Neil Oliver: Freedom Day? More like Groundhog Day
'I have experienced enough of life to know that I am in mourning – in mourning for the life I used to live and, unforgivably, took for granted.'
So here we are again, on the threshold of another day called Freedom.
I don’t know about you, but I’m more inclined to call it Groundhog Day.
I am sure – and in this I speak only for myself - that it means nothing but more of the same. In any event, I am surer still that whatever it is, that day will dawn with the ticking of a clock – a clock counting down the days to the next lockdown.
These have been months like no others I have ever experienced before. Well over a year now of restrictions and new laws, the steady erosion of our liberties.
I think about how I’m feeling and know that in amongst a cocktail of emotions, what I feel most strongly is grief. I have experienced enough of life to know that I am in mourning – in mourning for the life I used to live and, unforgivably, took for granted. The old world I knew has suffered the death of a thousand cuts, slowly bleeding out.
I am saddened beyond words by the thought my children will not know the world I knew, the freedoms I took for granted. They will adapt of course. That’s one of the things we tell ourselves, isn’t it – children will adapt. I am sure they will, but the truth is I don’t want them to have to. A dog can learn to walk again on three legs, but it’s still a three-legged dog.
Another feeling I have is that of having closed my eyes one day on one world – one reality – and opening them upon another. The world I knew has vanished, like morning mist evaporated by the heat of the sun. The world I knew has been replaced by another that, at first glance, looks a lot like the old one. But it’s not the same. A Madame Tussaud’s waxwork of a real person. Good, but only a waxwork.
It’s a poor reflection of the life of before, like that to be had in a trick mirror in a funhouse – except this has not been fun, of course.
So much has changed.
I am especially troubled by the use of language.
Most recently I have been hearing it said that the wearing of a mask, even after so-called Freedom Day, will be an act of compassion. Compassion. The message is that compassionate people will wear masks for the sake of others who feel frightened by unmasked people.
What about compassion for people whose mental health has been eroded by the very wearing of masks?
What about those for whom the absence of faces and their replacement by the legion of the masked has been profoundly troubling?
Why does compassion only cut one way?
What I'm saying is - wear a mask if you want to, but allow for those that can't bear to wear one a moment longer.
Compassion is a two-way street, after all.
For me it beggar’s belief that the millions are being told they should cover their faces, as much as possible, and, as far as anyone might reasonably predict, forever.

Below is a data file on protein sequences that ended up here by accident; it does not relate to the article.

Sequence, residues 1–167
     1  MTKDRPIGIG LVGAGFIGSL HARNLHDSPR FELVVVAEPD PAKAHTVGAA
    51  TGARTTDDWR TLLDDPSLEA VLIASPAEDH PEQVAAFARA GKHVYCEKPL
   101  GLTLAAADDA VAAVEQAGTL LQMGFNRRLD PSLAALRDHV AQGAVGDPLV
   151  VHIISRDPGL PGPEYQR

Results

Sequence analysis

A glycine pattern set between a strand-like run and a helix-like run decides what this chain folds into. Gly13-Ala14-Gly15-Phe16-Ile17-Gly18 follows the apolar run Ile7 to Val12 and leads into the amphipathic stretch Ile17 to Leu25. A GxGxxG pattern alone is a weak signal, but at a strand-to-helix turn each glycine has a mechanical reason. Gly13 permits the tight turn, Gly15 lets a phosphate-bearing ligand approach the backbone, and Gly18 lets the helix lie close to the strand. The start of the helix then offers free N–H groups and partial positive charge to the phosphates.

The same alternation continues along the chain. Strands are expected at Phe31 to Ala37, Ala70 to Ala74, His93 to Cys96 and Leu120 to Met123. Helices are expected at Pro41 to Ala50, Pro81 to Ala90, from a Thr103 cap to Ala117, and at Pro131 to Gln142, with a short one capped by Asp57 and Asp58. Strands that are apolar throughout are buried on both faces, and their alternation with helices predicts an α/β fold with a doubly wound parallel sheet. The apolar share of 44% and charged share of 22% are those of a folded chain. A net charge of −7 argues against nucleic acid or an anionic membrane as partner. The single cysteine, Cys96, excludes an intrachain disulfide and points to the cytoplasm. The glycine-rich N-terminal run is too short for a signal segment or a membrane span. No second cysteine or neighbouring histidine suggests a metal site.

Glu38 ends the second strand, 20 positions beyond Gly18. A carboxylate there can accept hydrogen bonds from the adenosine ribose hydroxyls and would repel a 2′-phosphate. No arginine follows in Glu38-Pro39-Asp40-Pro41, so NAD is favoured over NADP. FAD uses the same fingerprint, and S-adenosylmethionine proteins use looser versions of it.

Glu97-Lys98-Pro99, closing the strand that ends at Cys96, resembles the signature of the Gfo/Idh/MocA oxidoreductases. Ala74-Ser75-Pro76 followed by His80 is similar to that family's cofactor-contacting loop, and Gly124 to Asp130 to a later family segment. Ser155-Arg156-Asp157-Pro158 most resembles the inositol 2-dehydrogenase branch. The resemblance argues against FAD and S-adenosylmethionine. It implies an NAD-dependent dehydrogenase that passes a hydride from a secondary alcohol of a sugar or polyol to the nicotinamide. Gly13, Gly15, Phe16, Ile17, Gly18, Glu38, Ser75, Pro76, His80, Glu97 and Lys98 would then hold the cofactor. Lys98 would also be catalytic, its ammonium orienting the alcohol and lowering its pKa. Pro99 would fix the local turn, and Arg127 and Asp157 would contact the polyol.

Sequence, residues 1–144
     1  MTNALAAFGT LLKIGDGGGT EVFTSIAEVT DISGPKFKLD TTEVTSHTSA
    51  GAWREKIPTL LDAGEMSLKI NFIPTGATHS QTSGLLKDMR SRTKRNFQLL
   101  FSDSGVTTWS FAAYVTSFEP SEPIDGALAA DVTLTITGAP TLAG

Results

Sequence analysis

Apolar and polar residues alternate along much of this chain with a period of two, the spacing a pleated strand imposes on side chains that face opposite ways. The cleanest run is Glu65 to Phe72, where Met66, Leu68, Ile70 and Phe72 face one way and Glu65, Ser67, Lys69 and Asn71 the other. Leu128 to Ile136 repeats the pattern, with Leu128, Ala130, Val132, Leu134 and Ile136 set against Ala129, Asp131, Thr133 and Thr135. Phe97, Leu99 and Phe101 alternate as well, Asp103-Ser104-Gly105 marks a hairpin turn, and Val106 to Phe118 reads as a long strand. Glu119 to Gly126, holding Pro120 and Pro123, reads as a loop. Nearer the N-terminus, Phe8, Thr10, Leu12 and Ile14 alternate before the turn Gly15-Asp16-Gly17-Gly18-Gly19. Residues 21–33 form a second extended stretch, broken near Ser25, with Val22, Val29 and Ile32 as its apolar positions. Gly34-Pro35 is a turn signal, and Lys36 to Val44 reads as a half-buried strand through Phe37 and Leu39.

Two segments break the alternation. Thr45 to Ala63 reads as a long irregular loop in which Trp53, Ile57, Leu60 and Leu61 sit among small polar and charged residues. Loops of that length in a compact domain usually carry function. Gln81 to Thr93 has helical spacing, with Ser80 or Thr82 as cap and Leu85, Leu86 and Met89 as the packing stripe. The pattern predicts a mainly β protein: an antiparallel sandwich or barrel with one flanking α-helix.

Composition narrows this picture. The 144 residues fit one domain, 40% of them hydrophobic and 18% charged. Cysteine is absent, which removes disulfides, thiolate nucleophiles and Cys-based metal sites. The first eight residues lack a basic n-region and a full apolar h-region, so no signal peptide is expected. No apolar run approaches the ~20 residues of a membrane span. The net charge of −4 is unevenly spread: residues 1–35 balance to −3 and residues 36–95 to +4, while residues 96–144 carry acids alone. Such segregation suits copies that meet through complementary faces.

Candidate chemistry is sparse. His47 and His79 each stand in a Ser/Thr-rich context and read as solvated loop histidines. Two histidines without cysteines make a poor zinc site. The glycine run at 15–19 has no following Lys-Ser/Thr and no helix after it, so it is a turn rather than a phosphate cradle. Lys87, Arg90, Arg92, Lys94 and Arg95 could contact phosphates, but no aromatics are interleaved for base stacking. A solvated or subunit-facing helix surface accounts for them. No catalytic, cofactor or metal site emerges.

Ours is a species that reads the faces of others in order to be a functioning part of the group.
We do it consciously and unconsciously. We read countless cues from one another that tell us how to behave. We live peaceably among the crowds because we can tell with the merest of glances at another’s face, how that other person is likely to behave towards us.
This is why we have so many references to faces in the language we use every day: face up to it … put a brave face on it … face the music … face facts … face the truth … I just can’t face him today … as plain as the nose on your face … face to face … say it to her face … on and on, countless acknowledgments that our faces reveal the truth of us, even when we would rather they didn’t.
I have found the sea of masks close to unbearable myself. I have watched my children in their masks and felt that I have let them down, somehow.
It has been said by others, wiser than me, that there is a new religion among us. The NHS is the church and we are the congregation. We must give thanks and pay our tithes.
What matters first and foremost, is the church, the mother church. This isn't about NHS workers - who are simply out there working hard and getting the job done.
But the institution of the NHS, for which we pay with our hard-earned taxes, must be there to serve us, to save us, and not the other way around.
The new religion is divisive. There are apparently good people and sinners. There are followers of the true faith and there are heretics.
Now we are told the good people, the followers of the true faith, will reveal themselves and show compassion by wearing their masks – even after months of knowing masks are said by many, many scientists and doctors to do nothing whatever to prevent the spread of the virus.
That is by the by, of course.
Whether the masks work or not is no longer the point it seems. What we are told now is that good people wear masks and bad people don’t.
It’s as simple as that.
Good and bad.
Compassionate and cruel.
That a government and their advisors would entertain such a message is a behaviour that might be described many ways.
What it is not, is compassionate.